Salary and other benefits

These figures are only a guide, as actual rates of pay may vary, depending on the employer and where people live.

  • New entrants may earn an average of £15,000 to £18,000 a year.
  • Technicians with three years' experience may earn around £20,000 to £25,000.
  • Experienced architectural technologists can earn £40,000 or more.

 

Skills and personal qualities

An architectural technician/technologist should:

  • be good at freehand drawing
  • be able to visualise objects in three dimensions (3D)
  • have computer skills
  • have mathematical skills for making technical and financial calculations
  • have organisation and management skills for leading projects
  • have a good eye for detail and design
  • have scientific ability to understand building technology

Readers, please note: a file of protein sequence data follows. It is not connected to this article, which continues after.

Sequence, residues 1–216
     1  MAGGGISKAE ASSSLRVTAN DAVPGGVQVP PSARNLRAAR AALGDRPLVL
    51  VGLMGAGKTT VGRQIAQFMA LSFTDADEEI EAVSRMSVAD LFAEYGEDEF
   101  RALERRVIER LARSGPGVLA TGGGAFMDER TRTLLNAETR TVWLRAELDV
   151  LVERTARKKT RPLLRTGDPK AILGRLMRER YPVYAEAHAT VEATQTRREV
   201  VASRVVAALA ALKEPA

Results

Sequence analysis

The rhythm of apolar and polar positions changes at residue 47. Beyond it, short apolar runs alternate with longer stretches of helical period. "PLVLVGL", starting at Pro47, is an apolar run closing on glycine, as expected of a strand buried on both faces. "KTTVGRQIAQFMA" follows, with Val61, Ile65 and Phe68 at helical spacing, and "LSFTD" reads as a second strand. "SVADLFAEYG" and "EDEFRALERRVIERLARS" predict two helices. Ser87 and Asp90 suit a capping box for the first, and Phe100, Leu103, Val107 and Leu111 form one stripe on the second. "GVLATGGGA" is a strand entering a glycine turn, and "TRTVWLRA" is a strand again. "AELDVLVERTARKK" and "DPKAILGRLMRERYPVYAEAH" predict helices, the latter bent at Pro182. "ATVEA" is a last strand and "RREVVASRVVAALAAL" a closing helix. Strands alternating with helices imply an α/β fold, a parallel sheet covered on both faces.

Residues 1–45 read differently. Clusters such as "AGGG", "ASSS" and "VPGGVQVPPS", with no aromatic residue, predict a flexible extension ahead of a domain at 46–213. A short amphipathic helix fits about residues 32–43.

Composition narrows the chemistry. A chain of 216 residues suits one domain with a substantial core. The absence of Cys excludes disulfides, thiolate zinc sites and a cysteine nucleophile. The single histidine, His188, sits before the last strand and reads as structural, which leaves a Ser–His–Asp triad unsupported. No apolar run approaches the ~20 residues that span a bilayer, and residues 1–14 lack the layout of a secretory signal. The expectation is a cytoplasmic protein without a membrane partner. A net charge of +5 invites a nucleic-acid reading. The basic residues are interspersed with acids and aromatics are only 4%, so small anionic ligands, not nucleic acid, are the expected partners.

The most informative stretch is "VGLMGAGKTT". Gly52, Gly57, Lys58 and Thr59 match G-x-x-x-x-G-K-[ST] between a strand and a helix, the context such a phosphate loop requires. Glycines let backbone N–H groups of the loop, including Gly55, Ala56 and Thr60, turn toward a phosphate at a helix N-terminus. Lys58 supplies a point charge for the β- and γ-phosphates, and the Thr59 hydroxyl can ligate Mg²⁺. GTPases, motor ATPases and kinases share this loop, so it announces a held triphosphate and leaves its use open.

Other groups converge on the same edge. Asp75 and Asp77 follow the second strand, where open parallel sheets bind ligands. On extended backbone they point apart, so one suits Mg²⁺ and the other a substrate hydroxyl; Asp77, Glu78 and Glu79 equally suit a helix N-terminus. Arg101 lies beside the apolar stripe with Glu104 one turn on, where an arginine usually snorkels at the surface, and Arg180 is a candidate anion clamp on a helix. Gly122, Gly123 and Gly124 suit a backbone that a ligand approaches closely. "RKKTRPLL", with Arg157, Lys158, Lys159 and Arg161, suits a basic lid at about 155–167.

• be aware of how buildings and spaces are used
  • be aware of the natural environment
  • have a logical and practical approach
  • be able to solve problems
  • have excellent communication skills
  • work well in a team
  • have presentation skills.

 

Interests

It is important to be interested in:

  • the scientific and technological aspects of buildings
  • environmental issues.

 

Getting in

There are currently estimated to be around 15,000 architectural technicians/technologists, of whom around 7,000 are members and students of the Chartered Institute of Architectural Technologists (CIAT).

Most of them work in architectural technology practices, architecture practices or local authorities. Other employers include government agencies, housing associations, commercial companies, manufacturers and construction organisations. Work is available throughout the UK and there are also worldwide opportunities.